The Redskins' secondary went into Sunday's game welcoming the challenge of facing the Detroit Lions' high-powered offense.
Mike Martz's offense was ranked No. 1 in the NFL in passing yards and Jon Kitna was the league's top passer.
All week long, the Redskins' defensive backs focused on jamming the Lions' tall, rangy and speedy receivers at the line of scrimmage and staying with them in coverage.
The strategy worked.
In the Redskins' 34-3 win, strong coverage in the secondary helped the front seven log five sacks of Kitna.
Detroit mustered just 76 yards of passing offense, 144 yards of total offense and 11 first downs overall. On third-down conversions, typically passing downs, the Lions were a woeful 1-of-10 for the game.
Kitna finished with 16-of-29 completions for 106 yards and two interceptions. Shaun McDonald led the Lions' receivers with four catches for 19 yards, Roy Williams had three catches for 36 yards, Mike Furrey had one catch for 14 yards and Calvin Johnson had one catch for three yards.
"Point blank, we did not want to give up a big play and we did not want to give them any cheap yards," cornerback Fred Smoot said. "If they were going to get yards, we wanted to make them earn it."
Added head coach Joe Gibbs: "[The defense coaches] had a great plan and worked extremely hard on it."
It was a team effort in the secondary.
Carlos Rogers logged three tackles and late in the fourth quarter had an interception that he returned 61 yards for a touchdown. It was Rogers' first interception of the year and his first career NFL touchdown.
Rogers said the goal was to disrupt the wide receivers at the line of scrimmage as much as possible.
"For us, we knew we had to jam them," Rogers said. "We had to disrupt them [at the line of scrimmage], because if they get timing--they're a timing offense--they're going to make plays and get the ball down the field. So that's what we had to do on the outside, jam them."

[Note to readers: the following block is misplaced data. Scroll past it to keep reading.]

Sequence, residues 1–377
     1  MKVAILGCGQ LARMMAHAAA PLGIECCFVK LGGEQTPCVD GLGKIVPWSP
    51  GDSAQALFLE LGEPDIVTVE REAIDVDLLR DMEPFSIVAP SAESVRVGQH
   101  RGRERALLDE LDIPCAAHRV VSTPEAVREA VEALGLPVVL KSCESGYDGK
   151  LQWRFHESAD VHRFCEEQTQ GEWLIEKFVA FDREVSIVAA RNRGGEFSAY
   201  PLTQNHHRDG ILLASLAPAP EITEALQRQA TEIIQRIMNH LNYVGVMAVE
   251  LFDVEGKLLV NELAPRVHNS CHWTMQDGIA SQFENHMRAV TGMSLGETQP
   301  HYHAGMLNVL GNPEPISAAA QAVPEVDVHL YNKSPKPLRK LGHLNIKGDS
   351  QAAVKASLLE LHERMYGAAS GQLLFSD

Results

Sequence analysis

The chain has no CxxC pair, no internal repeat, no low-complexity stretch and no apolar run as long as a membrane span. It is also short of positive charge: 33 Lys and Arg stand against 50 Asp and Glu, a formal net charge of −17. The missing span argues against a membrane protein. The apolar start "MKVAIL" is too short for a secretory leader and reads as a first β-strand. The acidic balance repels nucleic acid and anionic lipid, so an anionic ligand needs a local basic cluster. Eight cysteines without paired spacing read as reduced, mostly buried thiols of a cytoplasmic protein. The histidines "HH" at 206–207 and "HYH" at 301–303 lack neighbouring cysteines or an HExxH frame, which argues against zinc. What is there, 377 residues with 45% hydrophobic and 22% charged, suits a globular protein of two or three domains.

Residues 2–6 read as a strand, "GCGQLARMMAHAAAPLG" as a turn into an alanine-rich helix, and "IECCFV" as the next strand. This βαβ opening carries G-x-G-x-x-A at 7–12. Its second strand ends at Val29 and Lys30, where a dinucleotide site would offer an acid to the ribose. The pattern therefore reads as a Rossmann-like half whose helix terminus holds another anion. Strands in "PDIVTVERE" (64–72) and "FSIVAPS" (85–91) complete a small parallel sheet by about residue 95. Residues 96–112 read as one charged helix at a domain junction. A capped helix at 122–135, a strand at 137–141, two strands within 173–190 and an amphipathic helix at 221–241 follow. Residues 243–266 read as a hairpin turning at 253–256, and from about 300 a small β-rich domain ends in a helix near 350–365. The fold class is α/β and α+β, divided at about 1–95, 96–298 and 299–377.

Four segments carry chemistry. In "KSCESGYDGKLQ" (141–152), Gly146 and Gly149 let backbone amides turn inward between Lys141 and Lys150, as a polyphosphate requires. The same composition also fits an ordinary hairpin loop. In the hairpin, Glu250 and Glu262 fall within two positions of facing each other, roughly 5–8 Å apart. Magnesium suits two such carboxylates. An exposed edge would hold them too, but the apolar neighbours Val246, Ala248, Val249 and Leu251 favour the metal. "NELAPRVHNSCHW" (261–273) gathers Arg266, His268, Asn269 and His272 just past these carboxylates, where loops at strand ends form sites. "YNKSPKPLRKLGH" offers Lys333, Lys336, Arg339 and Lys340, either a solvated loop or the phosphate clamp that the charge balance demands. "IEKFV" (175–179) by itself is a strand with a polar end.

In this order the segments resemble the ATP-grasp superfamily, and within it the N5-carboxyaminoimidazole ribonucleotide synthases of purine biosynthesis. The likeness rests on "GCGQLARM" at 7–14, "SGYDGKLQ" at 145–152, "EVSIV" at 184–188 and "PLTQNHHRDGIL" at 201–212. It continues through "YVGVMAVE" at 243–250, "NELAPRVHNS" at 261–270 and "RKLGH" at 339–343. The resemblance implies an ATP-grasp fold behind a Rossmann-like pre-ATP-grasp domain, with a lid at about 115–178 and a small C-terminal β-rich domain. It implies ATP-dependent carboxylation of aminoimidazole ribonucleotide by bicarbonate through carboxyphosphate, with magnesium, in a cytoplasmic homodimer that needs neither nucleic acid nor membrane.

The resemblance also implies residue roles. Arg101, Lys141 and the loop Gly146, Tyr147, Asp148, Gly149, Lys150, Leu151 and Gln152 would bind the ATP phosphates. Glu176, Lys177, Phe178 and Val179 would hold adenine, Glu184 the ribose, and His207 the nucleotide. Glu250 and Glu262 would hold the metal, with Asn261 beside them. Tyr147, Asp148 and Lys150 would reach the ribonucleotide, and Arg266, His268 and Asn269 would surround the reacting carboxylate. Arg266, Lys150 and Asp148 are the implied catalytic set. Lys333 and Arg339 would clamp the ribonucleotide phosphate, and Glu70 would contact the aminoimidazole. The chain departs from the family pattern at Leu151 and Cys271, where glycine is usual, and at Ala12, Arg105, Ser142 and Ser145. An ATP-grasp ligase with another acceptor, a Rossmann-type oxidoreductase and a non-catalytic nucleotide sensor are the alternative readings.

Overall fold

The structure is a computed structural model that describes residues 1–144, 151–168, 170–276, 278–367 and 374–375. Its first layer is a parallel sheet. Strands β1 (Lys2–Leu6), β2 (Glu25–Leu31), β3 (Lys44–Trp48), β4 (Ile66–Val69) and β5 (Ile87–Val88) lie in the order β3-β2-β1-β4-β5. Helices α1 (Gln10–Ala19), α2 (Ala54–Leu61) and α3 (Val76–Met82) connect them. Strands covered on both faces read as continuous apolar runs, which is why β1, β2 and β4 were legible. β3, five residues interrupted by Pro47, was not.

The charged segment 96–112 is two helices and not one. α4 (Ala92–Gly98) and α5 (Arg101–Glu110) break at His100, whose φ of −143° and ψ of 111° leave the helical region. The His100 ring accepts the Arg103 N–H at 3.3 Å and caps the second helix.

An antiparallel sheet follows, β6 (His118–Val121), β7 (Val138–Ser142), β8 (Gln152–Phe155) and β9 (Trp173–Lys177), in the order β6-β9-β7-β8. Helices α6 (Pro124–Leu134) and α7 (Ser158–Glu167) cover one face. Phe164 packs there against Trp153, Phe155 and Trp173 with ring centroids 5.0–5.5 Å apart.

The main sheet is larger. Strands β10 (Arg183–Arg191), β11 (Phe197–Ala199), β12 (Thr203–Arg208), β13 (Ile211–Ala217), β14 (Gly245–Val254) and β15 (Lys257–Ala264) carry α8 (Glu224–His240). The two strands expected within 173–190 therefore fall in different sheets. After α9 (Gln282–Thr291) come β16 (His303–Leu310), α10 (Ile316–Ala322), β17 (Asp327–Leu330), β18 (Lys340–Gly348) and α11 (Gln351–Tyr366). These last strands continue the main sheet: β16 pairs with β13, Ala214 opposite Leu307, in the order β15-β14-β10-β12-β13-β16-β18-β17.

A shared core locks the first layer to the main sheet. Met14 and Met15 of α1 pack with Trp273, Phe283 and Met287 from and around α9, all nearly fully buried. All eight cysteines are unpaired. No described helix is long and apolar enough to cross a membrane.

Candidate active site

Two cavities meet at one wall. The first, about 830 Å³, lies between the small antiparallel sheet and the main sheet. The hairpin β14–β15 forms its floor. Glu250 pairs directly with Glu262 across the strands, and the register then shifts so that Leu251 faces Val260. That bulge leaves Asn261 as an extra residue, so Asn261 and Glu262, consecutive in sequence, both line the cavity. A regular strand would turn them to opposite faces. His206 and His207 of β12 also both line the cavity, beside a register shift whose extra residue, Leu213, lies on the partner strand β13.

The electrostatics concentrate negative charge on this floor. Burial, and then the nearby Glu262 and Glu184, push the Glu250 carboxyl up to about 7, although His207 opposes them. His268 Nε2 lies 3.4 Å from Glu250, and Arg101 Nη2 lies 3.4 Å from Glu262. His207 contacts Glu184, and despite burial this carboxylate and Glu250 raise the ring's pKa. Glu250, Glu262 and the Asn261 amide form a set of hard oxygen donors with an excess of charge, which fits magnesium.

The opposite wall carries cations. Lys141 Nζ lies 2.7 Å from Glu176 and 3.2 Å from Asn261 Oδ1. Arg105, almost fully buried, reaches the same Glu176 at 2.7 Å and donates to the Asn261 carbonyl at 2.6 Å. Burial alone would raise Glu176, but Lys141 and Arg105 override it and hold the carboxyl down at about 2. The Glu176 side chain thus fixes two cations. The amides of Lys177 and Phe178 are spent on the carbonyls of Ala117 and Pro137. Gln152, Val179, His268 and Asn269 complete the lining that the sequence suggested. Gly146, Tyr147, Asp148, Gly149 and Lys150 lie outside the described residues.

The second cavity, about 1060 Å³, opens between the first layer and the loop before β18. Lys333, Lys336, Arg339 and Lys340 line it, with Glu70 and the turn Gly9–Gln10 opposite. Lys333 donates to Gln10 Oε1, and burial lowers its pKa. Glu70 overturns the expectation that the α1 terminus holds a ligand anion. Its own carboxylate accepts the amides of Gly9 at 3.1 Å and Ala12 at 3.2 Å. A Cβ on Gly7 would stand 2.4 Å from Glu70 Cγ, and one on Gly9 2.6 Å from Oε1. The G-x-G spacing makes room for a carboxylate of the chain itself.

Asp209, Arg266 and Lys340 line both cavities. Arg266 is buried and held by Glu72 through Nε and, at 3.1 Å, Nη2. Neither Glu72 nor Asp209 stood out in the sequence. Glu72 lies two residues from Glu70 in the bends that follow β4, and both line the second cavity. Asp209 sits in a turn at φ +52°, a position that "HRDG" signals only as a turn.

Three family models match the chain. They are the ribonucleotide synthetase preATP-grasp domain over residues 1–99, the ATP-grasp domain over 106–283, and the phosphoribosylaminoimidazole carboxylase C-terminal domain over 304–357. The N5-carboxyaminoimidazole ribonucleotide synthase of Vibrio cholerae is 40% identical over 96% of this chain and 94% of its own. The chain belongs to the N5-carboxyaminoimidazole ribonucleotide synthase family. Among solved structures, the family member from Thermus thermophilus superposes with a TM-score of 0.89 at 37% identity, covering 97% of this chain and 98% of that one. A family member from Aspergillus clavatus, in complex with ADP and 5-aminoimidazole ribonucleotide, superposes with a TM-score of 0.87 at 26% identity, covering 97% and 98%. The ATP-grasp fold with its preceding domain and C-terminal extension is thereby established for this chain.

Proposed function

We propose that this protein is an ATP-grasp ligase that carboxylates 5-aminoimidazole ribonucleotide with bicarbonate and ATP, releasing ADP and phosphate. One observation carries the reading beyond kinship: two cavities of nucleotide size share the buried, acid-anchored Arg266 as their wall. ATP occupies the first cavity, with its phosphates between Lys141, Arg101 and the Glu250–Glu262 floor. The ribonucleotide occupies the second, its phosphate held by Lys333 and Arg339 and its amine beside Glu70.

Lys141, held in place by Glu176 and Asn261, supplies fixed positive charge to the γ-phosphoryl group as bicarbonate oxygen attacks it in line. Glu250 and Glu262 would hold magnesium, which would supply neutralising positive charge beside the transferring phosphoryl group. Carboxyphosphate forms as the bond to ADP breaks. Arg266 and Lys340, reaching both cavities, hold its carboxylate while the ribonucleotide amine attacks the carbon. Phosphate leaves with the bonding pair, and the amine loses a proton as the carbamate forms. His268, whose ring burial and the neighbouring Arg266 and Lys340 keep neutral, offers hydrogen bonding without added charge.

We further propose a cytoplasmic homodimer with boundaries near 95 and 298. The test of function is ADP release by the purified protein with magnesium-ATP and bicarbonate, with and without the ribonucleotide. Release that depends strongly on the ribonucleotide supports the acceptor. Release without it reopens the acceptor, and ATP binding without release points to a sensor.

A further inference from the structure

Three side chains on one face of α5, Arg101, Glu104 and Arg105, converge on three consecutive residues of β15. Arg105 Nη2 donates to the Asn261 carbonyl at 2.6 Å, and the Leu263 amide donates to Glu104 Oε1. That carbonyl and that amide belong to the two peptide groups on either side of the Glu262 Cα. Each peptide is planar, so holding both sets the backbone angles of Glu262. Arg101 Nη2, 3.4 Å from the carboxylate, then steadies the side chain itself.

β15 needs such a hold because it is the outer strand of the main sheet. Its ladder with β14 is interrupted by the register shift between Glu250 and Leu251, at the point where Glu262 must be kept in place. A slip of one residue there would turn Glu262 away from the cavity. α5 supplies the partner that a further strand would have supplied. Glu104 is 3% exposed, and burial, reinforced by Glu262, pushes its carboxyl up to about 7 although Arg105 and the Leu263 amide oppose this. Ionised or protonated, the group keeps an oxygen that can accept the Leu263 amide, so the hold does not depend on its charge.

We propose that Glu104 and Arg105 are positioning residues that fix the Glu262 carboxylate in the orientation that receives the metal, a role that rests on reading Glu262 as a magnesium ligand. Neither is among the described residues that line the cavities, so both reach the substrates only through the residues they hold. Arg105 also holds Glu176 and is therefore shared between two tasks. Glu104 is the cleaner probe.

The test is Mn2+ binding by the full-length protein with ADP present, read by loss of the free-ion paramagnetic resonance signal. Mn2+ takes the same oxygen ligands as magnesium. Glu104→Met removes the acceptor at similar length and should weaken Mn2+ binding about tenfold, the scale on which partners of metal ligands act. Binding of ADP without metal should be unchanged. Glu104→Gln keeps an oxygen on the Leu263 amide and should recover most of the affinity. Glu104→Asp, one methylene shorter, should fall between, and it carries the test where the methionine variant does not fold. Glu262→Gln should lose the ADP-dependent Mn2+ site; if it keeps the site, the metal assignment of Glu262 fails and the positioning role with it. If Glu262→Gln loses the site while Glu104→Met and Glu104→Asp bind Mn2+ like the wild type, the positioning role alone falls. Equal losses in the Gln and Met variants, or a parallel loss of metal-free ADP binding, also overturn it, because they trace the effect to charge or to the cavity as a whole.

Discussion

Added Smoot, who finished with five tackles in the game: "You want to make them throw the ball where you want them to throw the ball. Get them off the field. That's the best place for them to be, on the sidelines. We kew we couldn't let them get into a rhythm."
Sean Taylor had two tackles, an interception and two passes defended. LaRon Landry had two tackles and broke up a pass. Shawn Springs was not tested much by the Lions, and he finished with two tackles in the game.
The imposing size of the receivers--Williams is 6-3, Johnson is 6-5--did not intimidate the Redskins' cornerbacks.
"They have big guys who can run and jump, but as defensive backs we have to keep our technique and play between their hands," Rogers said. "We know we can't out-jump them, but if we can play between their hands, we can get the ball out."
Smoot said another focus was to keep the Detroit offense out of the red zone.
The closest that Detroit's offense came to the red zone was the Redskins' 21-yard line in the third quarter. They settled for a 39-yard field goal by Jason Hanson, the only score for the Lions.
"That's something they've been doing with ease, driving up and down the field," Smoot said. "We came up and met them play-for-play."